If you’ve watched any sort of football in the last 20 years, especially football involving Northern Hemisphere or international teams then you’ll be wholly familiar with the 4-2-3-1 formation – even if you are not sure how it works.
The 4-2-3-1 formation came to prominence in Spain in the 1990s and early 2000s and is currently used by numerous teams throughout the world. Although 4-2-3-1 has lost its prominence since 2013 when it was the default formation in the Premiership it isn’t dying out anytime soon.
But why has the 4-2-3-1 been such a popular fall-back for coaches?
I think the answer is that it is a formation that best suits the kind of players most common in international football, in the Premier League and within Northern European and Scandinavian countries. That is: players big on heart, energy and athleticism but not necessarily tactical, technical or mental flexibility.
Think athletic midfielders, dynamic full-backs, towering central defenders and either big or nimble strikers.
As a favoured formation of teams at the top and bottom of the game alike, 4–3–3 for example requires all-rounders rather than specialists. And British and international football, especially, is a game played by and set up for specialists.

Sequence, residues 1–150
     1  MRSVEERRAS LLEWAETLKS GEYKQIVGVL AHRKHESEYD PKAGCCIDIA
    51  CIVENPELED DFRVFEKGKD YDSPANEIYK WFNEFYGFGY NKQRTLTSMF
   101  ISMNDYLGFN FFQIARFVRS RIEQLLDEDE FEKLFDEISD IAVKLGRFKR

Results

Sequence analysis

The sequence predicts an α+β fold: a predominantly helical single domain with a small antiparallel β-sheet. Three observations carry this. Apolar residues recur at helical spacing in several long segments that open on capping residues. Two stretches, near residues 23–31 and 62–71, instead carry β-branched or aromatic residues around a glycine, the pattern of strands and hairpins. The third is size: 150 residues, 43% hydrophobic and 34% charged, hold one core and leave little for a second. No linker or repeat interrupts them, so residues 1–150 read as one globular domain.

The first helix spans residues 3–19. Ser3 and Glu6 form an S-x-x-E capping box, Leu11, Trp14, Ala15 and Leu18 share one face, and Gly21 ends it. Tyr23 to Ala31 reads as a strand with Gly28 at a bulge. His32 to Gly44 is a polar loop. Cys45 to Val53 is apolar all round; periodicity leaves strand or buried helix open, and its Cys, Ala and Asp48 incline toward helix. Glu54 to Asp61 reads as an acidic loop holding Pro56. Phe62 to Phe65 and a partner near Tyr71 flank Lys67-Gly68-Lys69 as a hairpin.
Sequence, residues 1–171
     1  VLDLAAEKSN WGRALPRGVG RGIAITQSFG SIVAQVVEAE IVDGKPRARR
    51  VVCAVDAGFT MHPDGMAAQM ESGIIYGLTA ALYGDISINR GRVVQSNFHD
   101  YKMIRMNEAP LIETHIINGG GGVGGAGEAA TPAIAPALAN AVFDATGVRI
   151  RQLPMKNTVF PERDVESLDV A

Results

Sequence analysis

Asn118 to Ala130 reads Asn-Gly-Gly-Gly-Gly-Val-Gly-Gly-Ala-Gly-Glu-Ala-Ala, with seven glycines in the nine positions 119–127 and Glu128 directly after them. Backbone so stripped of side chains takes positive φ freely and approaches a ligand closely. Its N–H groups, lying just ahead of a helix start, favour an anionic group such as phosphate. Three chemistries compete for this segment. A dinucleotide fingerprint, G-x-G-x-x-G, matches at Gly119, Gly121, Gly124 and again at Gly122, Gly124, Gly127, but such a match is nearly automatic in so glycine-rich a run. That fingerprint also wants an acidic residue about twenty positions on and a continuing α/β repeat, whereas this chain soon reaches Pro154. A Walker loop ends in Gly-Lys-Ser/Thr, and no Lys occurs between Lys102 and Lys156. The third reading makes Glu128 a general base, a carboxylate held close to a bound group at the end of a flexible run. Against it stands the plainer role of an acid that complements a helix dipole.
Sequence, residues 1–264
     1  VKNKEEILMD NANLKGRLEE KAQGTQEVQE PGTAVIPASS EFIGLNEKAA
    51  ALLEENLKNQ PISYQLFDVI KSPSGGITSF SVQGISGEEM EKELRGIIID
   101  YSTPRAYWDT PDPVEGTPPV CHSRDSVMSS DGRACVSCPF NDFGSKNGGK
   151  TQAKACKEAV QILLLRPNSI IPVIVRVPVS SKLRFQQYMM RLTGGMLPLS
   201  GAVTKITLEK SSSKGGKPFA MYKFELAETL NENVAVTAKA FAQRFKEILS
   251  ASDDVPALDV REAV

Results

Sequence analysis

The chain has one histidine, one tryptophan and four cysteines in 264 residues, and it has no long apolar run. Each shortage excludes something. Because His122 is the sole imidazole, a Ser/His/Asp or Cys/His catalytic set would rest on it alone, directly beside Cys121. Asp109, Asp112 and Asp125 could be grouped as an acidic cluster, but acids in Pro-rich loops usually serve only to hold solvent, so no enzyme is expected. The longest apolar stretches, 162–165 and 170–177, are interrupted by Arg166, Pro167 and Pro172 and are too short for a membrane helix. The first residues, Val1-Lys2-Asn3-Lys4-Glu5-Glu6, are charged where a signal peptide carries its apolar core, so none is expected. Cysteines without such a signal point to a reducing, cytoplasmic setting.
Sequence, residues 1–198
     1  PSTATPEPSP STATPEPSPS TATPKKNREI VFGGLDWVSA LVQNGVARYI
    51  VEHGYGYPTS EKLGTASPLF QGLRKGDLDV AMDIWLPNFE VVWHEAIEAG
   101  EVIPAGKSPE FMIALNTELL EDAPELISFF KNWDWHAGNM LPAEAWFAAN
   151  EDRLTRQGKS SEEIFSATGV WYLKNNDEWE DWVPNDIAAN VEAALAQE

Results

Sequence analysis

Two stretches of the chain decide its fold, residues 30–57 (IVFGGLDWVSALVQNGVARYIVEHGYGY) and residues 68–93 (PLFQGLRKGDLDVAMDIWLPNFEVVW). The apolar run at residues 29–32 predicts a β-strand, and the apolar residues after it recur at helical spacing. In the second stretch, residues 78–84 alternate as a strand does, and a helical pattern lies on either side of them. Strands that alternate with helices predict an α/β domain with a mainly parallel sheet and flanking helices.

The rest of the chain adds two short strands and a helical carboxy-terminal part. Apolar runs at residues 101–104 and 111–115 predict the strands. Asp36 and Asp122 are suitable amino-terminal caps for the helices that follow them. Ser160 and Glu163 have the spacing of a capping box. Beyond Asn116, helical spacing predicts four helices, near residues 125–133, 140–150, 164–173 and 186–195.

With its solid base of two defenders, playing the 4-2-3-1 formation should ensure teams are not out-numbered in midfield, and with so many advanced players, there is great flexibility.
When it is good it is great. However, when it is bad it is awful. Very, very awful. Too often for comfort.
“A 4-4-2 like that of Leicester or Atletico Madrid for example, might serve you rather better.”
And here is how it can go very wrong.
Many managers use the 4-2-3-1 formation as a kind of “cover-all” for squads with perceived weaknesses. The ability to employ two limited midfielders in a sitting role can limit risks from misplaced passes in attacking areas. Also the three midfielders sitting behind a lone striker can feel like a safe-haven for defensively and tactically limited attacking midfielders – central players who lack game intelligence or strength and presence and wingers without a trick or final ball.
If your side lacks athletic attacking full backs then so much of what is great going forward for this system is lost – to the point that you’d be better doing something wholly different.
Full backs are key in the modern game and are probably seen more now for their attacking potential rather than simply as defensive cover, an out-ball, or as players tracking opposing wide men. These over-lapping or under-lapping full back offers overloads that can overwhelm even the most well drilled defence in an area of the field where there is space to attack isolated defenders.